Social Security retirement benefits aren't disappearing any time soon, but it's getting more important for Americans to build their own retirement fund. If you don't save enough during your working years, then your lifestyle could really suffer during your golden years. The process of turning $25,000 into $250,000 is surprisingly simple, but it requires discipline and patience.

Compounding returns over time

The time value of money is a core concept of investing and finance. This principle basically says that a dollar today is worth more than a dollar tomorrow. That's because capital can be invested for growth over time. That might seem like an obvious observation, but it's directly related to the process of turning $25,000 into $250,000.

Compounding growth is the engine that drives huge gains over long time spans. If your rate of return remains constant, the dollar value of returns continues to rise over time, and the value of invested capital expands. If you invest $20,000 today that delivers a 10% rate of return over the next year, then you'll be putting $22,000 to work next year. That has a major impact when the process is stretched out over decades.

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Rate of return

Some people are looking for investment opportunities that fuel hypergrowth. Numerous small growth stocks, cryptocurrencies, and alternative assets have delivered massive growth at various times, but it's probably not a good idea to build a retirement plan around moonshots. These are often equivalent to get-rich-quick schemes. It's important to keep your expectations grounded in reality.

Over the long term, stock market returns should modestly outpace economic growth. Over the past 20 years, the S&P 500 has delivered a 7.5% compound annual growth rate (CAGR). The Nasdaq has delivered an 11% CAGR over the same period, powered by a handful of high-growth tech stocks. Obviously, returns aren't smooth and equal over time. The market moves in cycles, bouncing above and below a long-term trend line. That's one of the reasons that portfolio allocation has to change with investor age.

^SPX Chart.

^SPX data by YCharts.

With an 8% average annual rate of return, $25,000 would grow to $251,000 after 30 years. The account value would just about double every nine years. If you're lucky and talented enough to beat the market by a few points and get a 10% CAGR, that $25,000 would grow to more than $435,000 over a 30-year period.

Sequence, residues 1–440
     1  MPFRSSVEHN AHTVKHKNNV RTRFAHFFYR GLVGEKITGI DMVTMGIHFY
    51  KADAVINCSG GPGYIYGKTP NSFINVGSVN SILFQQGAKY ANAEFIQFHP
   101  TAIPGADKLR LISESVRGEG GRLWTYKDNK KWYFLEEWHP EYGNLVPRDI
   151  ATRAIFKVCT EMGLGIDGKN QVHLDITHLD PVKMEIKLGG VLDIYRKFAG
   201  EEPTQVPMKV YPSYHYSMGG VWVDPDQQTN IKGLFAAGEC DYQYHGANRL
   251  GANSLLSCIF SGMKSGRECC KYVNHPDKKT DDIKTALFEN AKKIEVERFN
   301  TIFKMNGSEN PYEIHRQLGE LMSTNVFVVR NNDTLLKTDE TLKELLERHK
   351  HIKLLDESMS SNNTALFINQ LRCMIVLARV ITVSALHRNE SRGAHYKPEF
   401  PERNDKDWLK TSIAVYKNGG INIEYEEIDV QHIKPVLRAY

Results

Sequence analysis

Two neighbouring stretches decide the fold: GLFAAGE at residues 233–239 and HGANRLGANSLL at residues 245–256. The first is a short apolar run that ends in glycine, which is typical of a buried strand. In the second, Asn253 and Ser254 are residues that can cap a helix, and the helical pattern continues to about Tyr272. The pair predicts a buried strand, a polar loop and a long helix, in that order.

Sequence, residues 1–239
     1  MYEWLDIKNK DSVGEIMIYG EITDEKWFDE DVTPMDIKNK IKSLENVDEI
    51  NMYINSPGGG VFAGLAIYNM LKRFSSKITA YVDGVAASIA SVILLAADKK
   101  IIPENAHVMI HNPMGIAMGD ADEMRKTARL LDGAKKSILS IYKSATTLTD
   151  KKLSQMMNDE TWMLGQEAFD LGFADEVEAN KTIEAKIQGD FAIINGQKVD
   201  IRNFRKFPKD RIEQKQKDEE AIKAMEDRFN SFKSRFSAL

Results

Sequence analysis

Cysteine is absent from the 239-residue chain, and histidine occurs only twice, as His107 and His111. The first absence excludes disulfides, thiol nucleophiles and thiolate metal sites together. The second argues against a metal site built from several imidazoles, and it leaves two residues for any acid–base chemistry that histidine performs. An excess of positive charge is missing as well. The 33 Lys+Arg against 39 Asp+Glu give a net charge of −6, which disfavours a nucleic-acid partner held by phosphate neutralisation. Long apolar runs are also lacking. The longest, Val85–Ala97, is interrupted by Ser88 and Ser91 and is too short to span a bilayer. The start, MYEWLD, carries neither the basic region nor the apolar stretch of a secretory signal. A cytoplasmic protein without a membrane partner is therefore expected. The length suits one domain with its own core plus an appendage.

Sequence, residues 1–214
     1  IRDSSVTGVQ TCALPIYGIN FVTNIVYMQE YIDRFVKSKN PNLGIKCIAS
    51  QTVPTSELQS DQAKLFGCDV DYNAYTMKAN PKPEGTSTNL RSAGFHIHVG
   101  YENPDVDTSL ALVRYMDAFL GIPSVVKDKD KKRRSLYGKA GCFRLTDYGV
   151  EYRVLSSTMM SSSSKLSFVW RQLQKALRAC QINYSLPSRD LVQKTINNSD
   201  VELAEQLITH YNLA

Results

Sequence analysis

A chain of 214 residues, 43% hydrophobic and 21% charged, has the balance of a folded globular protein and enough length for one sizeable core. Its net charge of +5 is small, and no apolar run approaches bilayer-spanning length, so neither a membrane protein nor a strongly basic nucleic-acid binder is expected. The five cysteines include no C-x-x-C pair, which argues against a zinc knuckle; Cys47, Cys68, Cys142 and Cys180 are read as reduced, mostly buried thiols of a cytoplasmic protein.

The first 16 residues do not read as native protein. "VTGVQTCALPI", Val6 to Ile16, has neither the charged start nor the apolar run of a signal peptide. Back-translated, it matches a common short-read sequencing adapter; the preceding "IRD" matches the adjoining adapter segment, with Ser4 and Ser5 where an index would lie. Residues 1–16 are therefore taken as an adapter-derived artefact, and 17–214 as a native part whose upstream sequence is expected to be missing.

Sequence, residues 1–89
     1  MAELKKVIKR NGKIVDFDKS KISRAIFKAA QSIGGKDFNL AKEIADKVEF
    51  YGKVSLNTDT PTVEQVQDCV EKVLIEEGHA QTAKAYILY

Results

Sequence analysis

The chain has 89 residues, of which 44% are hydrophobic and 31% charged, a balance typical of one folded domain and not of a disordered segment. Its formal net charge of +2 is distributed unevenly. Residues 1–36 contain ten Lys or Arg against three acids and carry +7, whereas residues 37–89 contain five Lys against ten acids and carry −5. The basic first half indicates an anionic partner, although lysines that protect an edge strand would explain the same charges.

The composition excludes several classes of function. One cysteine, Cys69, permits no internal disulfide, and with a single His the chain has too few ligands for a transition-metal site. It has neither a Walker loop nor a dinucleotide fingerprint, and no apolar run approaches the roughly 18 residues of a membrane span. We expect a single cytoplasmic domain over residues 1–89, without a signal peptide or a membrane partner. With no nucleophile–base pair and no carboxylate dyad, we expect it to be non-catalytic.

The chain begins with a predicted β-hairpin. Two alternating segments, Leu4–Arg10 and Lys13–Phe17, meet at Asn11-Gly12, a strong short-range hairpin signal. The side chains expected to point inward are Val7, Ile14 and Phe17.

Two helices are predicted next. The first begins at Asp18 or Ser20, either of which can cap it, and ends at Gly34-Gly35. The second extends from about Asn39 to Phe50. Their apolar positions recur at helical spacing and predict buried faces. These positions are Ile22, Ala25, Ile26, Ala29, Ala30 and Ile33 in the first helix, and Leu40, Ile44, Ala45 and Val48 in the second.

You don't have to settle for the market returns produced by index funds, but there's a limit to what you can reasonably accomplish through stock picking. Talented investors can slightly outpace the market over the long term, but it's extremely rare for anyone to consistently outpace major indexes by a wide margin. If your retirement plan hinges on a 15% average rate of return, consider serious revisions to that strategy -- that's dangerously close to the bogus promises made by financial criminals like Bernie Madoff.

Ultimately, everyone can enjoy big returns with patience and a relatively simple buy-and-hold strategy.

Time horizon and starting early

Asset growth is a function of the rate of return and time. With rare exceptions, a longer time frame will result in more growth. This tendency is exacerbated by the need to limit volatility as investment time horizons get shorter. For example, investors who are getting closer to retirement can't risk big drawdowns, so they typically hold higher quantities of less-volatile investments like cash, bonds, and dividend stocks. The measures that reduce volatility also limit growth potential, so it's especially difficult to squeeze huge gains into short time frames.

This underlines the importance of an early start to saving and investment. If you're trying to turn $25,000 into $250,000, it's going to take a few decades. Start saving for retirement early and often, even if it's modest at first. Investors who wait too long to start building assets can never get those years back.

Don't forget taxes

Taxes are a final important consideration. Depending on where these retirement assets are kept, you won't be able to realize the full value of your account. Taxes will reduce the net gains.

Qualifying withdrawals from a 401(k) or traditional IRA are taxed as ordinary income, so the tax rate depends on your bracket. If these funds are held in regular brokerage accounts, then you'll owe capital gains taxes on any realized gains. Roth IRAs are one of the few vehicles that allow retirees to realize their full accounts. Roths are funded with post-tax dollars, but assets in these accounts grow and get distributed without any further tax liability.